The drug, granulocyte colony stimulating factor (G-CSF), treats some forms of cancer. It stimulates bone marrow to produce the different types of blood cells, including white blood cells that can become depleted after disease or chemotherapy.
G-CSF might help repopulate the heart's muscle cells, which in turn could help repair the damaged heart, said lead author Chris A. Glover, M.D.
"Research has shown that there are cells in the heart that come from bone marrow stem cells. We hypothesized increasing these cells after a heart attack may help the heart regenerate heart muscle cells, and this is supported by our results," said Glover, assistant professor of medicine at the University of Ottawa and the Ottawa Heart Institute in Ontario.
"The main limitation of this study is that it included only five patients and was not randomized. On the other hand, the study's strengths are that it explores the use of a novel therapy, which is a simple treatment that any physician could use to improve the outlook for heart attack patients."
All five patients who received G-CSF had anterior wall heart attacks, also known as large heart attacks. They had emergency angioplasty, a procedure to open their vessels by inserting an inflatable balloon that compresses the plaque and restores blood flow.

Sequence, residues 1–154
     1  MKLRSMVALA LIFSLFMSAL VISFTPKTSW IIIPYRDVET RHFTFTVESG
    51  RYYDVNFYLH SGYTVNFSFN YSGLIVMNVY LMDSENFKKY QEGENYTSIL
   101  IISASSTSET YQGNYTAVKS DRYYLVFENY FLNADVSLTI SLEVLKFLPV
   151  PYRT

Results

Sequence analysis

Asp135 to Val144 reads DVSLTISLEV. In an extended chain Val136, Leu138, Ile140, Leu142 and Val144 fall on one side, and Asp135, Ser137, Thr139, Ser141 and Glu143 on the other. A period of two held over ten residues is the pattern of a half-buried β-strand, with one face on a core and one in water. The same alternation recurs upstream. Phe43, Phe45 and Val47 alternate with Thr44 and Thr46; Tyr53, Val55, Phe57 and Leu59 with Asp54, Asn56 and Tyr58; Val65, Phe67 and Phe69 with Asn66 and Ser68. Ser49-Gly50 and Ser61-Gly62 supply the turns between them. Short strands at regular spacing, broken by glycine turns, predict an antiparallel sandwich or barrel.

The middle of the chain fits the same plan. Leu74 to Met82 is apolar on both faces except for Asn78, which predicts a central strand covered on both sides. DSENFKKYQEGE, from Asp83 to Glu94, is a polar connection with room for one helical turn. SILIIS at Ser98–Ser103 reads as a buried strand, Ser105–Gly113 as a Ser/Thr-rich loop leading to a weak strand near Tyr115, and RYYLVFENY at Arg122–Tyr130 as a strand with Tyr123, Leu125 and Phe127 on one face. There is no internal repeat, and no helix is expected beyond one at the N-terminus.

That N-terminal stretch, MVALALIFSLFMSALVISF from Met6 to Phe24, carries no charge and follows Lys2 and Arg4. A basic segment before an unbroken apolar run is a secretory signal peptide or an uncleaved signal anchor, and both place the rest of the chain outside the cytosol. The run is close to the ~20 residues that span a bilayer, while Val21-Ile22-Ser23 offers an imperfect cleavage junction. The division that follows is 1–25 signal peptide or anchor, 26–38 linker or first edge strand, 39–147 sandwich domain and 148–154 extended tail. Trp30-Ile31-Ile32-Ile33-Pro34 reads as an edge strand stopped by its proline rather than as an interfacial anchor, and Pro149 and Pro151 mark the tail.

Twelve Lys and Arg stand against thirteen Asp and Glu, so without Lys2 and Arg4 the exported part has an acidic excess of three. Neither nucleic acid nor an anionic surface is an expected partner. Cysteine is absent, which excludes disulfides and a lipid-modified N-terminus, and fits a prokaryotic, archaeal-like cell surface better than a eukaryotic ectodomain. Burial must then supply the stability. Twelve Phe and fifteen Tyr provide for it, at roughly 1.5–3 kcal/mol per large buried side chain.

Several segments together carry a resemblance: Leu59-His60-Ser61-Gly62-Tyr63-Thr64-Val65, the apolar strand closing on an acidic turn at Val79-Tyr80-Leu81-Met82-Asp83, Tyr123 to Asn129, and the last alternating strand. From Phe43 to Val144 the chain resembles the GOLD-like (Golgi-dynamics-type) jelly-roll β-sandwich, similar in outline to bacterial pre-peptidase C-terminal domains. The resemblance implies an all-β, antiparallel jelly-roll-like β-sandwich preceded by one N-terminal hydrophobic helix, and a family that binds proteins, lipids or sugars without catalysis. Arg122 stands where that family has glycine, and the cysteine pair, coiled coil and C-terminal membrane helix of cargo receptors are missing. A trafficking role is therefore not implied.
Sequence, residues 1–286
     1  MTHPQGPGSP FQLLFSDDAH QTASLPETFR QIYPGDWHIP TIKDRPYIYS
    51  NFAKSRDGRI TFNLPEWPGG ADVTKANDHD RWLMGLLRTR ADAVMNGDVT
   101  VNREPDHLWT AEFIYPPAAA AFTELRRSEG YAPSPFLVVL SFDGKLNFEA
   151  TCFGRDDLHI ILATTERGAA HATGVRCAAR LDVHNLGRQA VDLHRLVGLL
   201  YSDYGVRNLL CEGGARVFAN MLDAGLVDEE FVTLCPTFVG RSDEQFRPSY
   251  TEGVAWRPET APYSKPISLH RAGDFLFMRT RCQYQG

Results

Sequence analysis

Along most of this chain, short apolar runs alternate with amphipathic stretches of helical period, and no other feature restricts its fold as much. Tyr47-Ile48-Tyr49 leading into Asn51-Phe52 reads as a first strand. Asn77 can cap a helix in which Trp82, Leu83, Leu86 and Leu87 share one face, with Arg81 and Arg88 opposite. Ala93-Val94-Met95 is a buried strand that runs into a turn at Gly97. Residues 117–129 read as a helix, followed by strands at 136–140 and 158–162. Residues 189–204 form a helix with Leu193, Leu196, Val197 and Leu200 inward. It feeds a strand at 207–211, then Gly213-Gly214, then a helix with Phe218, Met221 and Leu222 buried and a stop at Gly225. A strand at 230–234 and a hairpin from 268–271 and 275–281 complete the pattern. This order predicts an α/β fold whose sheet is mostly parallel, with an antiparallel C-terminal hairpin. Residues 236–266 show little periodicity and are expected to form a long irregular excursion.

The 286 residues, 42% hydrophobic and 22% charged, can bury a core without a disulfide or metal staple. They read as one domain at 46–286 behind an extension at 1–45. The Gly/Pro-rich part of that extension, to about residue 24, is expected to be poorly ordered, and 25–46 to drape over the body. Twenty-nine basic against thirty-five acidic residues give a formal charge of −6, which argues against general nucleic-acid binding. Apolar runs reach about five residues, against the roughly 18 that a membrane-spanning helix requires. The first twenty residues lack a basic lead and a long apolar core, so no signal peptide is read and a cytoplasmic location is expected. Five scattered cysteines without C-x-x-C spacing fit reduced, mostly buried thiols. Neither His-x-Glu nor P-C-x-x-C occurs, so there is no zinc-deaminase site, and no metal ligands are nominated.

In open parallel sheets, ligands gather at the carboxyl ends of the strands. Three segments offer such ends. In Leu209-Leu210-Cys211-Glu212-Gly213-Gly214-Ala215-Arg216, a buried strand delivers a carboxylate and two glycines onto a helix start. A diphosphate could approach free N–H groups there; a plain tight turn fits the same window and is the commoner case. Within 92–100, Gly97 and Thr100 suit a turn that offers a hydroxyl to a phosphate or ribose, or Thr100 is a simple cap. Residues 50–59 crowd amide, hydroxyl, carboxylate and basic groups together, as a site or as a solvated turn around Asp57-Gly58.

"We wanted patients with large heart attacks in this study, since they have the most to benefit from a therapy that could regenerate the heart," Glover said.
Within two weeks of the patients' heart attack, doctors injected G-CSF in the fatty skin layers once a day for four consecutive days.
Researchers measured CD34 cells, a marker of stem cells, to find out if the drug was stimulating stem cell growth. An increase in white blood cells indirectly indicates that G-CSF is working. After four days, blood cells increased about five-fold and CD34 cells increased about 10-fold. Before treatment and six weeks after treatment, researchers also measured left ventricular (LV) ejection fraction, which indicates how much blood the heart pumps out of its main chamber. They assessed blood flow and metabolism by positron emission tomography (PET) scan, which measures the heart's contraction and indicates how much heart tissue is viable.
All five patients were free of side effects or heart-related complications at six weeks' follow-up. Also at six weeks, ejection fraction went from 27 percent to 35 percent, and the patients had a considerable metabolic (viable tissue) recovery from 59 percent to 75 percent.
Co-authors are R.S. Beanlands; R.A. deKemp; K. Mostert; L. Garrard and H. Atkins.